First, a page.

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    Quote Originally Posted by Tzigone View Post
    Do you think that's true for all franchises? There's certainly Flash-wars. And Robin ones - Dick fans who think he's been torn down for the sake of Tim (though only in the 2000s and later, as far as I know) and Tim fans who think he was diminished for Damian's sake. Definitely some Jon-haters for the specific cause of wanting Kon to have prominence and be Superboy. Who haven't we noticed this with - Donna and Cassie, I guess, since Donna was sorta screwed up before Cassie came on the scene (though it got worse later, I don't think any of that is connected to Cassie) and had moved on from title well before that?
    I'm not sure if it stands for all franchises but I think there's always going to be certain characters that are seen as necessary for the particular franchise to have a good foundation. That's how DC has structured their legacy series. With Robin, even when you see other representatives in outside media, they still tend to start with Dick first, before moving on to someone else. And even if they do, Dick as Nightwing still tends to be showcased more prominently than whoever the new Robin happens to be. Damian didn't have his own solo book, but Dick did. Similarly, I don't think you can do Batgirl Cass Cain without introducing Barbara first. Fans need to have that emotional connection to the character so when they do get replaced, the transition has to mean something, not just vaguely mention the original character as part of some backstory or ignore them completely. Either way, you would always have frustrated fans because no matter what happens certain characters would get shafted in the process. DC has never cared about equal footing in terms of legacy mantles. Their only solution was to introduce new characters, not realizing how they end up overcrowding their own franchise like this, which only leads to more frustration from new fans who hate to see their favorites being sidelined when the classics return, same way the fans of the originals get mad when their favorites are replaced. It's literally damned if you do and damned if you don't. I'm not sure how DC can take themselves out of this predicament.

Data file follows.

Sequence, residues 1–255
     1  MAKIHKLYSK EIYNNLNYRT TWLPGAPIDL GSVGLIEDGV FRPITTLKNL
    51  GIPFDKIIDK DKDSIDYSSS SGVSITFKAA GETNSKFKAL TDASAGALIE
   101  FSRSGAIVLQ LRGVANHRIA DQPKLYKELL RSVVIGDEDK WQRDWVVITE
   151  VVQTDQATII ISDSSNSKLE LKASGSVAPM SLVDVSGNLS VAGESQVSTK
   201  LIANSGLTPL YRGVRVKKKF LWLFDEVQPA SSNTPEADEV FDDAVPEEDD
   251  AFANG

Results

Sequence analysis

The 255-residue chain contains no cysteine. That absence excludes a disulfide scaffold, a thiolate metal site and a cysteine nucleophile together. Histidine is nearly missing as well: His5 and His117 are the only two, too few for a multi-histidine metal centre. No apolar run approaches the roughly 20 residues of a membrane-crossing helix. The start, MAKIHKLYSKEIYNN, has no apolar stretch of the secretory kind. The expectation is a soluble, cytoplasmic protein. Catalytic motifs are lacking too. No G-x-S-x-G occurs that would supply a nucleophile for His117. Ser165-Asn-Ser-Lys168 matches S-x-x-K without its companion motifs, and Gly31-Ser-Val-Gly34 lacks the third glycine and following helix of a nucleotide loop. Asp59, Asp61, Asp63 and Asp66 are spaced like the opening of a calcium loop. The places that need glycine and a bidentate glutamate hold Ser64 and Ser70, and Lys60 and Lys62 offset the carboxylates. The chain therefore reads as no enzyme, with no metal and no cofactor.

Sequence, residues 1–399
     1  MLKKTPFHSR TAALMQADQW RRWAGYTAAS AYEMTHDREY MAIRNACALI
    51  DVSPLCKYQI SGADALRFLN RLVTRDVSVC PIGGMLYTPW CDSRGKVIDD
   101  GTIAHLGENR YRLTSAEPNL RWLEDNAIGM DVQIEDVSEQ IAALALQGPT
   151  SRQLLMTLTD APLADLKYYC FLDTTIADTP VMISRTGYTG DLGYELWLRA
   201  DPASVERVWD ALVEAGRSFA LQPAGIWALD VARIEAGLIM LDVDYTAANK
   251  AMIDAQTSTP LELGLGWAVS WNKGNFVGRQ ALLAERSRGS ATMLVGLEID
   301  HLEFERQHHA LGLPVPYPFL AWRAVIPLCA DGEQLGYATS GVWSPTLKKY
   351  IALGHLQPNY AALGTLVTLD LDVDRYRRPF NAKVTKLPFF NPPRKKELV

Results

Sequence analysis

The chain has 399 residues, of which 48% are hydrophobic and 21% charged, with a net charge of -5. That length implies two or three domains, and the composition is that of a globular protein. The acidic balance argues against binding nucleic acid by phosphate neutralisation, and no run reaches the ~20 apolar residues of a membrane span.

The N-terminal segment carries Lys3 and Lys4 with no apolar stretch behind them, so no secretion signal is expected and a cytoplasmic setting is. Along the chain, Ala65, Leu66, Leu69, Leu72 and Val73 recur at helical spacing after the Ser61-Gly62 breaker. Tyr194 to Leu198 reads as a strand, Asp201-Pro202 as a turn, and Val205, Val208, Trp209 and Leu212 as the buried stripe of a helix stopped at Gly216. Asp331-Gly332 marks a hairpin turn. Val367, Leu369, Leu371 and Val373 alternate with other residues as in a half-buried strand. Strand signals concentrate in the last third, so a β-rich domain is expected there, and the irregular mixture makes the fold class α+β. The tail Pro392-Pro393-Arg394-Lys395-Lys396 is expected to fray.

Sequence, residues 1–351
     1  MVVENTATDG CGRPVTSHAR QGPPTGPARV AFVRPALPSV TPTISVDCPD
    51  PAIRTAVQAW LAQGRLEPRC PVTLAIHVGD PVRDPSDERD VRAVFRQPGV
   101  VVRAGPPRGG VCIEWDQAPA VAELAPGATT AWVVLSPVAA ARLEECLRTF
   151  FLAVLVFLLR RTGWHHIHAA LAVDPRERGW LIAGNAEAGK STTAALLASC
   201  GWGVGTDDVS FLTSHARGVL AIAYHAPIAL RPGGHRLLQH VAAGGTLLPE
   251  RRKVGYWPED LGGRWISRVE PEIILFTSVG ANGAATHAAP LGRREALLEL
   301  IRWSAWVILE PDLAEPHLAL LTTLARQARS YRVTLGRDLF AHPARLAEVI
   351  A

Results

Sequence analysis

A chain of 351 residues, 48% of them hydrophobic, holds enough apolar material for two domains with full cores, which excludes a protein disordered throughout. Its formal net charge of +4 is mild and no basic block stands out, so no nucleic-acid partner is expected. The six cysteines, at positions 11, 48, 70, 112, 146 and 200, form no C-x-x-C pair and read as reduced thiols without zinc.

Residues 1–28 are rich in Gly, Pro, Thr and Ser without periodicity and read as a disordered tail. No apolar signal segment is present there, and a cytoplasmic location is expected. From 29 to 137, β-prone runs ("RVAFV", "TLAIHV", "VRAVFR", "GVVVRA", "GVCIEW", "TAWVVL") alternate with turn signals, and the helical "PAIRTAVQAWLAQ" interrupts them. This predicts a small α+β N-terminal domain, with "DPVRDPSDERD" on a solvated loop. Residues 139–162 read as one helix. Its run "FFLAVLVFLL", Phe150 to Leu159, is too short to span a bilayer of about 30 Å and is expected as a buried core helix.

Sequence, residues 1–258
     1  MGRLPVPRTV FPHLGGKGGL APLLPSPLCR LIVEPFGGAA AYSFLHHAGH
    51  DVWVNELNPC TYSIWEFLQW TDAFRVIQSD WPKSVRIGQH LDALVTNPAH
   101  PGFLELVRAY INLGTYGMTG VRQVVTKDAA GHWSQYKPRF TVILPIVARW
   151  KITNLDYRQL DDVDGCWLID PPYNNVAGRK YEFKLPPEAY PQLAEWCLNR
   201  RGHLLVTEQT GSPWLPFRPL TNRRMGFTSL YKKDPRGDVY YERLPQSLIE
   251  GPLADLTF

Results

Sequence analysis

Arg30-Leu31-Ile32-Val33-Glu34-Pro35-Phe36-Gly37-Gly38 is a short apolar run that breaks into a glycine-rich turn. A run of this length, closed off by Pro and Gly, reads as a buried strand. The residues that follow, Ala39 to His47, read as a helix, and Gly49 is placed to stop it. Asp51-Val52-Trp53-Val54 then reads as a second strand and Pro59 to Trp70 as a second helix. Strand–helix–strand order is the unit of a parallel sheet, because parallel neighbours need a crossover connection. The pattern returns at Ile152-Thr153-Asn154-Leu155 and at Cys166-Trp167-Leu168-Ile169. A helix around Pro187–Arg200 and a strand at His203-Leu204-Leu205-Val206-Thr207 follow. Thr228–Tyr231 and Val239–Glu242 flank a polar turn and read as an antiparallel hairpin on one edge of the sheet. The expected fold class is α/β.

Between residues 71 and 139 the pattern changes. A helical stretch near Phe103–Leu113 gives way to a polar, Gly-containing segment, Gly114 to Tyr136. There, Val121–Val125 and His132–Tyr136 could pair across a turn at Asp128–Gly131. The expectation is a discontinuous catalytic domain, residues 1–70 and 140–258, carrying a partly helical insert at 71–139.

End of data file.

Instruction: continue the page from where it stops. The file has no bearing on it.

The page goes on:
Last edited by Johnny; 10-14-2019 at 06:14 AM.

  7. #82
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    Quote Originally Posted by Agent Z View Post
    A black superhero using "black" in their code name is not remotely the same as Confederate statues.
    Saying that we should celebrate outdated values and not modernize even though they're problematic is the same line of thinking. We don't need to ignore the past, but it shouldn't go unaddressed.

  8. #83
    Ultimate Member Ascended's Avatar
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    Quote Originally Posted by SecretWarrior View Post
    Saying that we should celebrate outdated values and not modernize even though they're problematic is the same line of thinking. We don't need to ignore the past, but it shouldn't go unaddressed.